Graceland

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Graceland is a large white-columned mansion and 13.8-acre (5.6 ha) estate that was home to Elvis Presley in Memphis, Tennessee. It is located at 3764 Elvis Presley Boulevard in the vast Whitehaven community about 9 miles (14.5 km) from Downtown and less than four miles (6 km) north of the Mississippi border.[4] It currently serves as a museum. It was opened to the public on June 7, 1982. The site was listed in the National Register of Historic Places on November 7, 1991 and declared a National Historic Landmark on March 27, 2006. Graceland has become the second most-visited private home in America with over 600,000 visitors a year; only the White House has more visitors per year.[5]

Elvis Presley died at the estate on August 16, 1977. Presley, his parents Gladys and Vernon Presley, and his grandmother, are buried there in what is called the Meditation Gardens.

Contents

History

Graceland Farms was originally owned by S.C. Toof, founder of S.C. Toof & Co., a commercial printing firm in Memphis, who was previously the pressroom foreman of the Memphis newspaper, the Memphis Daily Appeal. The grounds were named after Toof's daughter, Grace, who inherited the farm. Soon after, the portion of the land designated as Graceland today was given to her nephews and niece. It was Grace Toof's niece, Ruth Moore, who, in 1939 together with her husband Dr. Thomas Moore, built the present American "colonial" style mansion.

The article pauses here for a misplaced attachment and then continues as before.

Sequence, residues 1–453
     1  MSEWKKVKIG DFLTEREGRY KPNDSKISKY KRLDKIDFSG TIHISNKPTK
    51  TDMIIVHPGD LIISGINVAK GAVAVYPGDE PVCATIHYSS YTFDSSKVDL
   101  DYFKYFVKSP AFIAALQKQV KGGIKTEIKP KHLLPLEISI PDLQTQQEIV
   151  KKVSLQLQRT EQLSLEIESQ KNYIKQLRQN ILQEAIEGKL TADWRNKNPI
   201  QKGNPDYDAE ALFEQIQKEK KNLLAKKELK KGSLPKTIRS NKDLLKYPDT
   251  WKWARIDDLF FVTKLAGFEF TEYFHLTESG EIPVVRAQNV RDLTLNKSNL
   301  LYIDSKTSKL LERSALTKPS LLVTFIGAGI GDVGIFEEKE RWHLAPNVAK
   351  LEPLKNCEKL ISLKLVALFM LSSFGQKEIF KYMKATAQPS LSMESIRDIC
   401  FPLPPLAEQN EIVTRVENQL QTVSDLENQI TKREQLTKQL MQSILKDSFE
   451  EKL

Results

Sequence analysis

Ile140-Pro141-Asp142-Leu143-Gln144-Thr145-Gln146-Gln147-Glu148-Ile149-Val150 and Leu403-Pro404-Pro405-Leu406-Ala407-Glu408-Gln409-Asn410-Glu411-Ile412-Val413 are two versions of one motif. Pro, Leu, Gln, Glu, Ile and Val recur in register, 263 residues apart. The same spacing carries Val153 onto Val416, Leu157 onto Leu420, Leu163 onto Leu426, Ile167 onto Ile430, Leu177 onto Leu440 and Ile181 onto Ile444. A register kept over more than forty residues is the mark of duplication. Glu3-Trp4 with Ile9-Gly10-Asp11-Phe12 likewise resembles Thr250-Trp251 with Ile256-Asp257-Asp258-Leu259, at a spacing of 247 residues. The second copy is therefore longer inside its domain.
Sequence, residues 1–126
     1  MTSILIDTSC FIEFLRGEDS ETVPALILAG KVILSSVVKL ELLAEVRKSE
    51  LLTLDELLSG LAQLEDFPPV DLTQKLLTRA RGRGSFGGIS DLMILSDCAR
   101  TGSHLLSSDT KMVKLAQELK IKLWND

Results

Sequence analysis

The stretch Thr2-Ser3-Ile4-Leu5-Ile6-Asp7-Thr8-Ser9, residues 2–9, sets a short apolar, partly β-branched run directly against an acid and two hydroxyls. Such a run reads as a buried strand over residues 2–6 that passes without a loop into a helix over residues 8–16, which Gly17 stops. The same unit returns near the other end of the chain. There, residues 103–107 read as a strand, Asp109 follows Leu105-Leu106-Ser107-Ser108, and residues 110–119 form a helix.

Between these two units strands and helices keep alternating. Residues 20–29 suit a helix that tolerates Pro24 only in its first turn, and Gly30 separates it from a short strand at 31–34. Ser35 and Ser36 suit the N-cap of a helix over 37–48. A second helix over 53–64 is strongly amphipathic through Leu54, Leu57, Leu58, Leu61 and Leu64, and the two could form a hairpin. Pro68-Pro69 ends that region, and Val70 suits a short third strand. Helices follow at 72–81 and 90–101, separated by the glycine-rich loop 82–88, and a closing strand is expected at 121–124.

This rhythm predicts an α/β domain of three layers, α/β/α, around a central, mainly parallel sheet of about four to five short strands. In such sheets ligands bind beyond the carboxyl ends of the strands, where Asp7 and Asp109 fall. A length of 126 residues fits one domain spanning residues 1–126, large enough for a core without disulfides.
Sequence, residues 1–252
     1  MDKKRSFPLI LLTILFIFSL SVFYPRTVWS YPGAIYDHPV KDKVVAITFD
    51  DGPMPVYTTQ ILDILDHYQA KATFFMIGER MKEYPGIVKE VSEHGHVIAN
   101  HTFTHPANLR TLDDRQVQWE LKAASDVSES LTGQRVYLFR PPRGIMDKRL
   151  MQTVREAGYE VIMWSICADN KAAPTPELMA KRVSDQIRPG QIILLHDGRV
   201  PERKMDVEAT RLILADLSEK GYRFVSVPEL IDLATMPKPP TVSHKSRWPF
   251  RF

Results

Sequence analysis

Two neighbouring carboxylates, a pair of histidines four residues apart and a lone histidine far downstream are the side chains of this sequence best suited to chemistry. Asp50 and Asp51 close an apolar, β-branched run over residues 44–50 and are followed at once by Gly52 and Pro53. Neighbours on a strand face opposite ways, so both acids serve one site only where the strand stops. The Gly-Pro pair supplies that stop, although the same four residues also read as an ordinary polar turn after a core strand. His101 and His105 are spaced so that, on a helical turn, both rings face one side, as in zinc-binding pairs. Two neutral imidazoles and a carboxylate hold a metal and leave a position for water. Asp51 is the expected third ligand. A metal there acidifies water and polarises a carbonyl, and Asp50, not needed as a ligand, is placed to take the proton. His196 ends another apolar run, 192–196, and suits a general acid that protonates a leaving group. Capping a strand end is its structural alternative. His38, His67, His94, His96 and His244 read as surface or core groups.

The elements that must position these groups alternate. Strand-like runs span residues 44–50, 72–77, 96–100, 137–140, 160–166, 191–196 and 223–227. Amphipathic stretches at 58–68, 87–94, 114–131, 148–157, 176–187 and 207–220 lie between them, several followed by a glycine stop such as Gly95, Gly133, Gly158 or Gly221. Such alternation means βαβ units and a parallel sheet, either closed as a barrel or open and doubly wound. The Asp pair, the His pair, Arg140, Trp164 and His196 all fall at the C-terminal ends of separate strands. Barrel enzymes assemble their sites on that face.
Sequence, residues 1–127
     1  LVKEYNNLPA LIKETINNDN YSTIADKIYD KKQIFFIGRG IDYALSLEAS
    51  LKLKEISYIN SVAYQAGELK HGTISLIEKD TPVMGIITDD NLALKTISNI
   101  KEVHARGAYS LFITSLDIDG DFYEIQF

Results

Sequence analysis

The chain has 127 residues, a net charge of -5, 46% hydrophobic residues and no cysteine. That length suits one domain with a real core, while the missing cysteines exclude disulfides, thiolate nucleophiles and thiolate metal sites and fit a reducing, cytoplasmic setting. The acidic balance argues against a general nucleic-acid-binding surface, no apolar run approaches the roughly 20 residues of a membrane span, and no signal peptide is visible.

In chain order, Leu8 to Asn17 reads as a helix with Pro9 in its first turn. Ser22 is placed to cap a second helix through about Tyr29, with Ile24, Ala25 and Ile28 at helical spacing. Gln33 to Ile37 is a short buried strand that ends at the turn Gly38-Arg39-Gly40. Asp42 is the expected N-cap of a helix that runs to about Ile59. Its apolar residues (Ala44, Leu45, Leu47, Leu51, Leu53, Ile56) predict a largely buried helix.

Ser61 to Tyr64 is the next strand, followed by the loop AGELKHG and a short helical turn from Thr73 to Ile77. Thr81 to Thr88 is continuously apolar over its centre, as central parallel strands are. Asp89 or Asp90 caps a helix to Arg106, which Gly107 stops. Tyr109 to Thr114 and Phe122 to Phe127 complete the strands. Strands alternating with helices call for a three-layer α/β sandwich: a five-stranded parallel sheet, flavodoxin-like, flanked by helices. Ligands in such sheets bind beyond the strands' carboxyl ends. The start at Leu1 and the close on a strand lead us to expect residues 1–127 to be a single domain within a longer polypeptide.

Architecture and modifications

The mansion is constructed of tan limestone and consists of twenty-three rooms, including eight bedrooms and bathrooms. The entrance way contains four Temple of the Winds columns and two large lions perched on both sides of the portico.

After purchasing the property Presley carried out extensive modifications to suit his needs and tastes, including: a fieldstone wall surrounding the grounds, a wrought-iron music-themed gate, a swimming pool, a racquetball court, and the famous "Jungle Room" which features an indoor waterfall, among other modifications. In February and October 1976, the Jungle Room was converted into a recording studio, where Presley recorded the bulk of his final two albums, From Elvis Presley Boulevard, Memphis, Tennessee and Moody Blue; these were his final known recordings in a studio setting.[6]

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